The original abstract was published on USAID’s mHealth Compendium, Fifth Edition. To read the full report, click here.

Photo: Print screen of USAID's mHealth Compendium, Fifth Edition
Photo: Print screen of USAID’s mHealth Compendium, Fifth Edition

Severe shortages of qualified health workers and poor communication and coordination among those on the front lines have exacerbated the Ebola virus disease (EVD) outbreak in West Africa.These challenges were hindering the delivery of quality health services in the region even before the outbreak. Harnessing mobile technology and using it to improve existing health information systems (HIS) makes it possible to rapidly strengthen communication among health authorities, the health workforce, and local communities, in order to save lives.

In August 2014, the mHero Partnership, led by IntraHealth International, the US Agency for International Development (USAID), UN Children’s Fund (UNICEF), and a team of international stakeholders, created mHero.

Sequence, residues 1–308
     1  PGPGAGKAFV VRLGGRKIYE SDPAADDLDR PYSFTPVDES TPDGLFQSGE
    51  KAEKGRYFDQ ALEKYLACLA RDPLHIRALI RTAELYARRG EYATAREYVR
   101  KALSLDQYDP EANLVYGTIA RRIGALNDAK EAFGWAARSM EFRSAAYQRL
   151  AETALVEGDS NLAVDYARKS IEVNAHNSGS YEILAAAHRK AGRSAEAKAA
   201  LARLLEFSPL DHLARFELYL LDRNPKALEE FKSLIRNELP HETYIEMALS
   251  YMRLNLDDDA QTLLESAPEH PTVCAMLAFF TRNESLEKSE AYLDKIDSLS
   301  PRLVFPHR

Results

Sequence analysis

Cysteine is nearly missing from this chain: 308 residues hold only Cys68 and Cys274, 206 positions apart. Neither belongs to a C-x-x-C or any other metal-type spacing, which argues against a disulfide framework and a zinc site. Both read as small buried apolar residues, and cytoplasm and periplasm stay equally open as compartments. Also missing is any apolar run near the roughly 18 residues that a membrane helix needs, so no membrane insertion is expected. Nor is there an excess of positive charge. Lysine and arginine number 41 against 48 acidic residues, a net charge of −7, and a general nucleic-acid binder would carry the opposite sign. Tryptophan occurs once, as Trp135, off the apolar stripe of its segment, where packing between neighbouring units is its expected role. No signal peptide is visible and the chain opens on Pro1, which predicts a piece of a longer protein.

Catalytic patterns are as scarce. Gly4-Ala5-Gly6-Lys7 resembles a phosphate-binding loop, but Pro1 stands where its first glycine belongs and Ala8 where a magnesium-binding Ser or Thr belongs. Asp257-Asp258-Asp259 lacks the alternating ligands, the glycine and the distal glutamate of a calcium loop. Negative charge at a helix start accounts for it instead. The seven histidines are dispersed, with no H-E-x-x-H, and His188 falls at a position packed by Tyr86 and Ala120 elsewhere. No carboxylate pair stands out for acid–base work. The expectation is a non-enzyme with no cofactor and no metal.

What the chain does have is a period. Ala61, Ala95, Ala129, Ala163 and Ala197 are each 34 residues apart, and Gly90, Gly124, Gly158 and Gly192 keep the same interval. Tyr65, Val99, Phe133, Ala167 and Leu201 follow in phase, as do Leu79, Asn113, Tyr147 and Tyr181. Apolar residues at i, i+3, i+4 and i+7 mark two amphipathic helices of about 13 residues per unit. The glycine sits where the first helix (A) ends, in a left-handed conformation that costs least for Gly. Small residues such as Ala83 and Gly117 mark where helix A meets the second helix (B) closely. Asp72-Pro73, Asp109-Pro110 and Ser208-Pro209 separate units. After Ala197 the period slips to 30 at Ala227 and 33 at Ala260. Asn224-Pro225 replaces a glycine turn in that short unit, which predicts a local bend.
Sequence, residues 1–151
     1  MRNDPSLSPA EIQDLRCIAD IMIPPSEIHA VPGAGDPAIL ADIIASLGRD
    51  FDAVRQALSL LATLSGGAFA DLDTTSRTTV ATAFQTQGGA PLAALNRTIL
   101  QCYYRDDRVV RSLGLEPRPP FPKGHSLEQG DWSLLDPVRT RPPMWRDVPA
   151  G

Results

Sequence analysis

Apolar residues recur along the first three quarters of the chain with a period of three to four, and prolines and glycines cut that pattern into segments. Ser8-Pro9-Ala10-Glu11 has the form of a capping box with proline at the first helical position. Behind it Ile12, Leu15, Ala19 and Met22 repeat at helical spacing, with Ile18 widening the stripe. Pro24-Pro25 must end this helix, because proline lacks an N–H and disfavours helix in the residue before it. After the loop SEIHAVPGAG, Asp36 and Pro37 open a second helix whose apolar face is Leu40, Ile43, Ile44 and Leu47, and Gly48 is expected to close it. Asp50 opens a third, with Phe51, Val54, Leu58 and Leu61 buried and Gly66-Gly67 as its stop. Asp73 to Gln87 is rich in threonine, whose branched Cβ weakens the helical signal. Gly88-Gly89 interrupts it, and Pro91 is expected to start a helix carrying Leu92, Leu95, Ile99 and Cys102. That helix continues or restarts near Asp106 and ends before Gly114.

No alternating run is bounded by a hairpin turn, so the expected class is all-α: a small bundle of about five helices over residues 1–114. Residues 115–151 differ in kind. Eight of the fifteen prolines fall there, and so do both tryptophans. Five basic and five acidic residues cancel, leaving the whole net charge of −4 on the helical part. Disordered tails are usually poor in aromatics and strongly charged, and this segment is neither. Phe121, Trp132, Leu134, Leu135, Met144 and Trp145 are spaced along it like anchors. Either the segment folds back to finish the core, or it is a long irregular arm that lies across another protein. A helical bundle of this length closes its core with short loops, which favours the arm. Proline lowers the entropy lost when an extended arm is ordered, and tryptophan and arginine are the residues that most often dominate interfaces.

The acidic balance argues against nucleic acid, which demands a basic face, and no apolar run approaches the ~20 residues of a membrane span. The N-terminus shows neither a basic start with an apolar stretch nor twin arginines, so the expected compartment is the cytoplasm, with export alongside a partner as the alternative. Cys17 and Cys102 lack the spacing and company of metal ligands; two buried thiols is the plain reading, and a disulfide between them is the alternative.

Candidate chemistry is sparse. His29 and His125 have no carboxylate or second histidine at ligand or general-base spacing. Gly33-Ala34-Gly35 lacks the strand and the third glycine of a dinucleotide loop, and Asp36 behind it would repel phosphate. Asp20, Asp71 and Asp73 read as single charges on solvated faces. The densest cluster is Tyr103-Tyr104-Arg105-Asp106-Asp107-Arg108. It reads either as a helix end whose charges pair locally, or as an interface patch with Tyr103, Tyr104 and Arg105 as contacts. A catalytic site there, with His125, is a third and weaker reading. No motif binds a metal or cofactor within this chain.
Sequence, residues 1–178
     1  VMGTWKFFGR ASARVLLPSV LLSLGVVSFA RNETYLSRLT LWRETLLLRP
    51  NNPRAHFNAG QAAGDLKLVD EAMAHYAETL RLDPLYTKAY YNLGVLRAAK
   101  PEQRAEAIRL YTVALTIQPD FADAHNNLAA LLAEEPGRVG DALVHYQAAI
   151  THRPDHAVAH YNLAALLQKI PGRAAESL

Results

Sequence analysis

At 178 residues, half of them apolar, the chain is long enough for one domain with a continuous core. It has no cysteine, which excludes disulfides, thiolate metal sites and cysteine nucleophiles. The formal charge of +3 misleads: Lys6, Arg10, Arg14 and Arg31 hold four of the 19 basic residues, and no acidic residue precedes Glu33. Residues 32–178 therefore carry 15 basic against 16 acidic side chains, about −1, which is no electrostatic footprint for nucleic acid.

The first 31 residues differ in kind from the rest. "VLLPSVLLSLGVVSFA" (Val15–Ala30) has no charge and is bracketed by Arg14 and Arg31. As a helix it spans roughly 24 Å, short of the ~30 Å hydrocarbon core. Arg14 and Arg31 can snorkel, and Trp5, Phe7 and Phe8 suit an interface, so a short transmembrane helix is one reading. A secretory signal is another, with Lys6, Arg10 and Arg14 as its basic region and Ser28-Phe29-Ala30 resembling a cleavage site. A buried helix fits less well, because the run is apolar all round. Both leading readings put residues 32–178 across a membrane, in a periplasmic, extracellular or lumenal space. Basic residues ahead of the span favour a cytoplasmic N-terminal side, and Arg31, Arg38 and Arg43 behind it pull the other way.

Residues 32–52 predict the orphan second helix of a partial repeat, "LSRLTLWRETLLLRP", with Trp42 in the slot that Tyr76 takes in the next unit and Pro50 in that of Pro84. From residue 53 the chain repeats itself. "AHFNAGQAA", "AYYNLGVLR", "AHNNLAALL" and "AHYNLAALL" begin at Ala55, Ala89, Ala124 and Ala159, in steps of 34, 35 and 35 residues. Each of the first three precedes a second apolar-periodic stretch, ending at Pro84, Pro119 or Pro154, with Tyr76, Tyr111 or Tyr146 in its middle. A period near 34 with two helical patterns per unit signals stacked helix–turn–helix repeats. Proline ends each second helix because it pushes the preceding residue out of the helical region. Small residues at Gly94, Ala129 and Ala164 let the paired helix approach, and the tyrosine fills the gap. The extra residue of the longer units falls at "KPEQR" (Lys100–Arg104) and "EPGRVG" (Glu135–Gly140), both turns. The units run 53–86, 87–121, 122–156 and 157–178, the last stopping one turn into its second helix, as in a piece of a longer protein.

The mHero platform allows health workers, government authorities, and other key stakeholders to engage in real-time, targeted communication via two-way short message service (SMS), interactive voice response, and direct calls. mHero communications, which are flexible and scalable, and can be triggered both centrally and locally, go far beyond the traditional “message blasts” offered by many technology vendors, enabling stakeholders to rapidly respond to health workers’ needs.

About mHero

mHero unites globally recognized technologies—RapidPro, the iHRIS open source health workforce information system, andDistrictHealthInformationSoftware(DHIS2)—using Open Health Information Exchange interoperability architecture. Drawing on information about health workers and facilities in iHRIS and DHIS2 and harnessing RapidPro’s platform, mHero permits communication via basic mobile phone. Through country ownership, open technologies/standards, and a collaborative partnership,
the mHero approach exemplifies the nine principles for digital development. The platform also allows for continual development of extra modules and features for Ebola-related services and those for maternal, neonatal, and child health.